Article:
• “Today’s Future, Tomorrow’s Leaders” Brookline METCO holds hugely successful 10th Annual Women’s Leadership Retreat

    In 2008 when he was coordinator of METCO at Brookline High School, Dr. Keith Lezama created the Woman’s Worth Leadership Retreat. Dr. Lezama organizes this retreat each year with the goal of supporting young Black and Latina women in their academic and social development so they can be inspired to turn their dreams into reality. The retreats have served to develop confident learners who strive for excellence in all aspects of their lives.

     Each year the retreat includes engaging panel discussions that expose students to successful women of color.  Additionally, workshops and activities are conducted that provide participants with strategies and tools they can utilize to overcome personal and social life challenges. The retreat was founded on the idea of Ubuntu, an African proverb meaning, “I am what I am because of who we all are.” This concept encourages individuals to pave a path for others to follow, and developing an understanding that they have a moral obligation and responsibility to give back to their respective communities.

    10 years ago the event started with just a handful of seniors. Within a few years interest had grown so 9th, 10th, and 11th graders were included. This year, at the 10th retreat, more than 125 young women of color from grades eight through twelve participated Titled “Today’s Future, Tomorrow’s Leaders” the conference was made possible by generous contributions and the support of Brookline High School PTO and Emmanuel College

    The day started with the “Phenomenal Panel” of women of color that included Nicole Gittens, Deputy Superintendent of Teaching and Learning, Genteen Jean-Michel, principal of the Runkle School, Brookline High School graduate Taylor James, and Sarah Gonzalez, a clinical therapist and researcher from Columbia University. The panelists shared their stories of success and discussed their leadership roles and what ways Women of Color can continue to prosper as leaders in the communities they serve. Additionally, panelist answered questions from the students. Dr. Suzie Talukdar, interim principal of Driscoll School moderated the panel.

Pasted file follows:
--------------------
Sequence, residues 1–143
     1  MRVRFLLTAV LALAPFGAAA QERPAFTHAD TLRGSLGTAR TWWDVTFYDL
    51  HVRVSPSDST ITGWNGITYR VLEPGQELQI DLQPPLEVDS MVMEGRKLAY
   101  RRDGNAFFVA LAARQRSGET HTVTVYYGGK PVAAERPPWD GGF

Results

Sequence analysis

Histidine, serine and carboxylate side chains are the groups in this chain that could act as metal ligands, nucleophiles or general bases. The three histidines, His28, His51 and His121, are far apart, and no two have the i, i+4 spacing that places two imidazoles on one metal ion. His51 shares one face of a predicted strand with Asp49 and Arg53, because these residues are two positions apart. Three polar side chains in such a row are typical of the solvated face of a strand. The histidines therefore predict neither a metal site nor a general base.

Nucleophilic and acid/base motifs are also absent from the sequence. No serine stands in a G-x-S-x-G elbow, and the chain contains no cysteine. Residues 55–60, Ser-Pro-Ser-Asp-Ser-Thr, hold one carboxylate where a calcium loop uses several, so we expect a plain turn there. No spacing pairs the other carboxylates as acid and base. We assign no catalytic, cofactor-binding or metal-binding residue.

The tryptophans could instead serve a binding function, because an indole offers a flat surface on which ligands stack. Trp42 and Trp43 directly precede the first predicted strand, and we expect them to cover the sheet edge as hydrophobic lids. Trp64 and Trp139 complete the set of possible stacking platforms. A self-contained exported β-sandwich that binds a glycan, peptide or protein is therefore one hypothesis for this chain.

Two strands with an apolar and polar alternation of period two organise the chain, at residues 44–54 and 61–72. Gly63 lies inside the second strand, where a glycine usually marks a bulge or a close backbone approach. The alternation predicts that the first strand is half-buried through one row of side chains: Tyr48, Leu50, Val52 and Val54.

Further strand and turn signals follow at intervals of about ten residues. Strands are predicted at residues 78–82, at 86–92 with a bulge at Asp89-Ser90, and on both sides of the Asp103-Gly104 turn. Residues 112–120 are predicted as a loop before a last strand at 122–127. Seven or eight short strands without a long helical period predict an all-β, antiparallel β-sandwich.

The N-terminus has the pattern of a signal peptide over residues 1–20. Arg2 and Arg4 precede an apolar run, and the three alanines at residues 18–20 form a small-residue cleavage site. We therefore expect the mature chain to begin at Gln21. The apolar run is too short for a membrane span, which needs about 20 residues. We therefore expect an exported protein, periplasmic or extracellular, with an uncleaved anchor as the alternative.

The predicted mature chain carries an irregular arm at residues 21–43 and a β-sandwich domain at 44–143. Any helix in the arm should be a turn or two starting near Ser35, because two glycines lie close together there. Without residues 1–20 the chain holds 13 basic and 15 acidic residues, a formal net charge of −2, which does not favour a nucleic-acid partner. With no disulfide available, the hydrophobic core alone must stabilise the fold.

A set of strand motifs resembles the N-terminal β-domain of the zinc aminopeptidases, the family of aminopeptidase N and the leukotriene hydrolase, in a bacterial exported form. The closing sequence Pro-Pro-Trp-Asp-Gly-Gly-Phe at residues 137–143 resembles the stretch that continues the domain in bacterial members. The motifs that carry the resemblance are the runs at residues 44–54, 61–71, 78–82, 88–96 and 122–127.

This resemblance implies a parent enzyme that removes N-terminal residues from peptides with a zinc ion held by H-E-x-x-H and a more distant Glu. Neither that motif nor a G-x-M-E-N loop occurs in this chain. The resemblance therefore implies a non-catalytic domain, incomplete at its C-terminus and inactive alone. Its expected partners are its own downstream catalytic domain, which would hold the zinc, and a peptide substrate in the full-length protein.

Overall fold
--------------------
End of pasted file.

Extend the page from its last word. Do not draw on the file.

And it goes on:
After the panel, attendees had a selection of workshops to choose from the day. Former BHS administrator, Dr. Chris Vick led a workshop showing the young women how to build their professional brand and how important it is to be thoughtful and strategic about how you present yourself to prospective schools and employers.

    Jeffrey Smith, Jr., Director of Multicultural Studies at Emmanuel College led a workshop titled, “The Real Truth about College Seniors.” Emmanuel undergrad students shared stories and research about college student behavior related to sex, partying, drinking, and drugs in an effort to help the young women understand what they have to be aware of when they move on. Dr. Nakeisha Cody, the Associate Director of the African American Institute at Northeastern University presented about how women can work together to increase the number of both black and white women entrepreneurs and the lessons learned from successful entrepreneurs. During the afternoon workshops, 12th grade students facilitated discussions among their younger peers and the adults present.

    Dr. Vick and Dr. Lezama, and Mr. Cradle former Associate Dean and now consultant to programs in Brookline facilitated Leadership Circles with younger students about developing a personal leadership style. Each student described how they have been learning about their personal leadership style and then led other students in the first steps their identifying and developing their own.

    At the end of the day, Deputy Superintendent Nicole Gittens said proudly,  “The event was an amazing opportunity for young women of color to come together to bond and learn from each other and from professional women of color. What was even more impactful is that men of color organized much of the event to honor the young women. A remarkable day.”